Last Updated 13 Mar 2020

The Mother

Words 918 (3 pages)
Gwendolyn Brooks' poem, "The Mother" is an introspective look into the internal struggle of a woman who has had an abortion. The poem is very powerful and conveys a vast array of feelings and sentiments on the subject such as regret, love, and disappointment in one's self. The poem is largely successful due to it's tone, which is achieved through the personification and choice of diction. To begin with, lines one and two state the general idea of the poem. Abortions will not let you forget. You remember the children you got that you did not get.

The first stanza of the poem begins with the introduction to the mother and her plight. The first line introduces plainly the topic of the poem. Abortion, although discussed and debated daily, is considered to be a very personal and often private experience in one's life. The second line confirms that this is a personal account of the "Mother. " The personification gives one more reason to feel empathy for the woman who is telling her story via the poem. Titling the work mother is an interesting tactic, as the topic of the poem is abortion.

Perhaps this was done in order to create a tension and sadness between the mother and the abortions she is speaking of. There is also a great use of the word "you. " Brooks is writing to those who have had abortions or will have abortions and the things they must deal with. From this point Brooks writes of the joys and struggles of motherhood that the woman will never experience. For example "You will never neglect or beat them, or silence or buy with a sweet" (Brooks 6,7).

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In this segment Brooks uses enjambment to push the idea that there is no longer a "them. The action of thumb sucking, which most children experience, is referenced in a longing way. The mother feels sadness knowing she will never correct the action. In the line, " The damp small pulps with a little or with no hair, The singers and workers that never handled the air. " Brooks gives a strong image of the pre-baby form versus the adult form the child would have later in life. This is an interesting tactic, as it contrasts an inhuman and human form. Often fetuses are not referred to as "living" beings, and Brooks is bringing light to that conversation.

The first stanza references so many actions that many mothers find mundane, but the mother who has never experienced them, treats them as treasured and severely missed moments. The second stanza focuses on the pain and loss of the woman. Brooks writes, "I have heard in the voices of the wind the voices of my dim killed children. " This is the first line to break the rhyme scheme within the poem. The mother character feels haunted by the silent cries of the multiple abortions she has had. Once again Brooks writes of the acts she will never witness, such as marriages, aches, and first breaths.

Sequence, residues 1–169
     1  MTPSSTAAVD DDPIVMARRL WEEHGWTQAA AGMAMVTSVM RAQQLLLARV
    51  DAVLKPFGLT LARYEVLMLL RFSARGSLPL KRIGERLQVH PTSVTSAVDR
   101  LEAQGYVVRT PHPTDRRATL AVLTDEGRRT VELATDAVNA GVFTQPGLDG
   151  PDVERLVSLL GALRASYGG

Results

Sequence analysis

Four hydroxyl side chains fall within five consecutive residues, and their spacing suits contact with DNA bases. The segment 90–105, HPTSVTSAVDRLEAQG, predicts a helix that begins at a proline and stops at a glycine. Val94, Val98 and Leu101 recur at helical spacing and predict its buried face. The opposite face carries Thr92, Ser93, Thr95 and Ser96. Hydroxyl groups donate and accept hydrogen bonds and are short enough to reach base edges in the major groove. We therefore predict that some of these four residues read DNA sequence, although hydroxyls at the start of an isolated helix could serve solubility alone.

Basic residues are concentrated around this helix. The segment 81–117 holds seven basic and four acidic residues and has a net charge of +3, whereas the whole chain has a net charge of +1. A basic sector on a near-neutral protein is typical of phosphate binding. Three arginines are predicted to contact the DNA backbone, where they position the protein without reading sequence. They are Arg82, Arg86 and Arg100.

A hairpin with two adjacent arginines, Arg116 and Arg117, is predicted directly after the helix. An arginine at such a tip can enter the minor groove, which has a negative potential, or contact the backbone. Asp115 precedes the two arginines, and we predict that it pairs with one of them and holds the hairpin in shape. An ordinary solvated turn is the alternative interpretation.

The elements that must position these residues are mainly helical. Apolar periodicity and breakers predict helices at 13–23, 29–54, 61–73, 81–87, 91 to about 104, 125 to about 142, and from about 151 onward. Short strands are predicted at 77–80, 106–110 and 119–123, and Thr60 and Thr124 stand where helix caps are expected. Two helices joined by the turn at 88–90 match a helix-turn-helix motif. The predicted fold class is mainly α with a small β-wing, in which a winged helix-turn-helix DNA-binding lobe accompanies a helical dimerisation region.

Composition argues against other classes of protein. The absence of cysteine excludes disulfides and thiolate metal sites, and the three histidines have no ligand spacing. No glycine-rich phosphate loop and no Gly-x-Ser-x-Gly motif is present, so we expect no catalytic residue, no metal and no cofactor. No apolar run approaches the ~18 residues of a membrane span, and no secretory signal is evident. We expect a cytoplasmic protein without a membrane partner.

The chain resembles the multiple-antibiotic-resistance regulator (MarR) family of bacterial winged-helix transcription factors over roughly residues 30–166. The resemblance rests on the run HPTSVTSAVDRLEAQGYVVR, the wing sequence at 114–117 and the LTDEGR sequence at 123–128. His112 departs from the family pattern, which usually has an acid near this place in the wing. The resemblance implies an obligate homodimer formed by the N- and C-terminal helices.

From the perspective of mother, the reader witnesses the ache of regret. In the lines, I have said, Sweets, if I sinned, if I seized Your luck" there is an interesting idea planted. The word "If" implies a question in the mother. Perhaps the mother made her decision but society has made her feel the guilt? Although this idea seems largely discounted in the following stanza. In line "Believe that even in my deliberateness I was not deliberate. " We are given a taste of the state of mind the mother possessed when she had her abortion.

What is being said is that although abortion was the result, it was done with best intentions. The reader is left to infer that perhaps the woman could not have provided, or might have been cast out, or any possibility that would have abortion be the prevailing answer. The following lines, "Though why should I whine, Whine that the crime was other than mine? --" tell us that the woman equates her behavior with murder. This poem does not read specifically pro-life or pro-choice, rather, it reads as sympathetic towards the hard decisions that the mother has made and her reflections on whether it was the best decision for her.

Another example of the mother's reflection is found within lines 28-31. Brooks writes, "Since anyhow you are dead. Or rather, or instead, You were never made. " In these lines the reader is confronted with the question, "When does life begin? " The mother in the poem seems to struggle with this idea. She attaches human feelings and behavior to the unborn, but in the poem often questions their viability. In the last stanza, Brooks leaves us with the sobering lines, "Believe me, I loved you all. Believe me, I knew you, though faintly, and I loved, I loved you, All.

These lines clear up any confusion as to what the mother feels towards the unborn fetuses. Although she never knew them, and it was her decision not to have them, she still feels the emotional attachment that any mother might. These lines answer the question as to why the woman is referred to as mother. THe woman possesses the maternal sense of unconditional love that she has felt for the fetuses, referred and her longing to be with them. There is a strong power in the use of ending on the word, "All. " Although the mother has had multiple abortions, she equates it with the same longing and regret as just one.

The Mother essay

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